A couple of arguments I’ve heard in the last few weeks have combined with a book I was reading to produce some Deep Thoughts about, of all things, nature.
Now, being the hardcore city girl I am, I don’t spend a lot of time thinking about nature. I enjoy the occasional camping trip or weekend at the cabin, and I like hiking as long as it’s not too strenous and there aren’t too many hills, but in general, I like nature to stay out there, in its place.
But what is its place?
The discovery of what at first appeared to be a gigantic coyote on the Bonavista Peninsula stirred up a lot of interest in coyotes, who made their way to these shores only in the last 10-15 years and keep nudging closer and closer to our population centres. This led to a lot of interesting conversations, including one at work where I heard a co-worker declare categorically that we should hunt them down and kill every last one of them. When someone mentioned that this was pretty much what we’d done to our native wolf population, she seemed to think that was a job well done and the coyote would benefit from the same treatment.
Then there was the report about the moose. Apparently, just as we’re all becoming more uptight about moose-vehicle accidents, the number of moose in the province is actually declining. Since one of the main reactions to the overabundance of moose on the highways is to issue more hunting licenses in the hopes of killing more of them, a lot of people were unwilling to believe that the moose population could actual be on the decline. And if it is, isn’t that a good thing? Safer roads for us all!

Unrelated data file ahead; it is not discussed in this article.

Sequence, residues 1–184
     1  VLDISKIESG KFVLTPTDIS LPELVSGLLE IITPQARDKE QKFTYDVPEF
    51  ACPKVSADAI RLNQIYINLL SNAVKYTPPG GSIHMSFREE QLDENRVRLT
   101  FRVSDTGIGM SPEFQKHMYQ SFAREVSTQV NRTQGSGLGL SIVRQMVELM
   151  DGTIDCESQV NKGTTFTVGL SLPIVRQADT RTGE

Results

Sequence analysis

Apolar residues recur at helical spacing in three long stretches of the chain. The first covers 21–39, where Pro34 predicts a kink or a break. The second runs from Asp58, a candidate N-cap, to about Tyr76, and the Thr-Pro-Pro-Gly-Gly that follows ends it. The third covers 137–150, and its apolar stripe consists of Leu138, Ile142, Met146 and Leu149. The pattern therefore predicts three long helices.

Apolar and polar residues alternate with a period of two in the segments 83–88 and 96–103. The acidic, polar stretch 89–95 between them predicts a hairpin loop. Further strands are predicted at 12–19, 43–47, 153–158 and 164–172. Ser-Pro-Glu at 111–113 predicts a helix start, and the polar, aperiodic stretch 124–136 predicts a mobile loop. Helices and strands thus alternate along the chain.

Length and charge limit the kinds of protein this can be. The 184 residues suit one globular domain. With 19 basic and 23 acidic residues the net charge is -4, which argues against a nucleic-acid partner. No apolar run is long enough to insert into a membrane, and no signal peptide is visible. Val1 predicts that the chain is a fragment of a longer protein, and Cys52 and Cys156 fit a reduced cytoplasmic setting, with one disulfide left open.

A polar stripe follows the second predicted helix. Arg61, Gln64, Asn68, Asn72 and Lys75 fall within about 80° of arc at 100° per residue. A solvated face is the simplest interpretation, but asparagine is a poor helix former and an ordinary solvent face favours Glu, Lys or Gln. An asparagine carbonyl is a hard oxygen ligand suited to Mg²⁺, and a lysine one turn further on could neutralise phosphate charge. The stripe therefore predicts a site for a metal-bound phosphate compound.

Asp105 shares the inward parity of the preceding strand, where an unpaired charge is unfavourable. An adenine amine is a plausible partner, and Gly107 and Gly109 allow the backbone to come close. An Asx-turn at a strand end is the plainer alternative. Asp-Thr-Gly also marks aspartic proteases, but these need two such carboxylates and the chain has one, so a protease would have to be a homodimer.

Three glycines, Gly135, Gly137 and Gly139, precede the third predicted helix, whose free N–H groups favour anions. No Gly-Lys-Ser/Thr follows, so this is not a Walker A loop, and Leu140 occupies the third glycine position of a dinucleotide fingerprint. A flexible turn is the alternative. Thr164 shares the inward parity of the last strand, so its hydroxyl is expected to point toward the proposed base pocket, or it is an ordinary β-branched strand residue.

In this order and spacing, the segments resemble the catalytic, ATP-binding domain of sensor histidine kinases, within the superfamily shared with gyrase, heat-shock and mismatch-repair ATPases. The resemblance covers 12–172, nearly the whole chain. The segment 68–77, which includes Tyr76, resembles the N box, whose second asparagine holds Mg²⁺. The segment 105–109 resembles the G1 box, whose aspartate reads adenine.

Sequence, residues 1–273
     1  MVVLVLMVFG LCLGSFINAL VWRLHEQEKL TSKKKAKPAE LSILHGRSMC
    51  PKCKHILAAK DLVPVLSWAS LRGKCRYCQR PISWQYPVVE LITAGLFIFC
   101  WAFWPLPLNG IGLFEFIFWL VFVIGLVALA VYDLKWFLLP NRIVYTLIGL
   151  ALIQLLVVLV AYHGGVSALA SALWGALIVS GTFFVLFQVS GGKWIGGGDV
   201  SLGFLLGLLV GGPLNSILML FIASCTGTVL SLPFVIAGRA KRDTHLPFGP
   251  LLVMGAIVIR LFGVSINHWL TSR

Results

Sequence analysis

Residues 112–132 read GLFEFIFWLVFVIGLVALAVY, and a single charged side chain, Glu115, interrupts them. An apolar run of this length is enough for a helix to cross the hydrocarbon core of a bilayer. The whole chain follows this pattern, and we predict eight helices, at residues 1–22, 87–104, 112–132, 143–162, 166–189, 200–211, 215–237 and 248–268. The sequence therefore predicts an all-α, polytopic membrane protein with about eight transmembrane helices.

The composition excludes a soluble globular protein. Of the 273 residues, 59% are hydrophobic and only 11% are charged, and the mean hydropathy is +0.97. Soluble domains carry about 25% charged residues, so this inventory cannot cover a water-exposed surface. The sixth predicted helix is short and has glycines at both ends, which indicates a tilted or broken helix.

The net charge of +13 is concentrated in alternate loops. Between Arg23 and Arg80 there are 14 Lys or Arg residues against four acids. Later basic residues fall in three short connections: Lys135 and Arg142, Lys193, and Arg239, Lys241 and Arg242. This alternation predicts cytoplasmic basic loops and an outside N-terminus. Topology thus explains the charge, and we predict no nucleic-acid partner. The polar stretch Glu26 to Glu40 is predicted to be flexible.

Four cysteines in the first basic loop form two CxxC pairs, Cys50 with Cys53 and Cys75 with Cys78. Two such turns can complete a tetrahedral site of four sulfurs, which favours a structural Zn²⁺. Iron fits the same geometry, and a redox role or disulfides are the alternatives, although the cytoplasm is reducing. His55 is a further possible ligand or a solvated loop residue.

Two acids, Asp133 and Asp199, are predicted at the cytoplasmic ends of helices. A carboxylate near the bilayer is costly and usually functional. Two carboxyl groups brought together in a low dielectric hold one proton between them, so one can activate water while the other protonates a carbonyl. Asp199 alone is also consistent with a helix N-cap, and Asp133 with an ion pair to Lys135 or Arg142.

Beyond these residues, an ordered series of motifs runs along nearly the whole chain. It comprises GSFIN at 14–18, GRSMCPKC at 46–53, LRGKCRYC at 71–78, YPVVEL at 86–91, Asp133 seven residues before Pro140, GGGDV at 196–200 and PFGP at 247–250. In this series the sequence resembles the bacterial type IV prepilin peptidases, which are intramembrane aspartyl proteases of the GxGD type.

I guess it was hearing these news stories and the conversations around them in the context of reading Alister McGrath’s book The Re-enchantment of Nature that made me reflect on the way we approach nature. Don’t get me wrong, I am terrified of a moose accident on the highway, and leery of hiking or camping in areas where there have been coyote attacks. Obviously, concerns for human safety are genuine and have to be addressed. But some people don’t seem to pause at all to think about the fact that all these problems occur because we encroach on the territory of animals who, but for our interference, would have had the wild pretty much to themselves. Our right to build highways and subdivisions is never questioned; the assumption is that the world exists for our benefit and convenience, and any animal that gets in our way needs to be cleared out.
It’s an assumption with deadly implications, and, as McGrath would no doubt point out, it’s an assumption with very shaky foundations if we take seriously the Genesis 1 imperative: that humans are put on the earth to care for God’s creation and to be stewards of it. If we are the caretakers of the earth, rather than its masters, does it really exist only for our use and convenience? And if not, how do we co-exist with the moose, the caribou, the coyote and the wolf?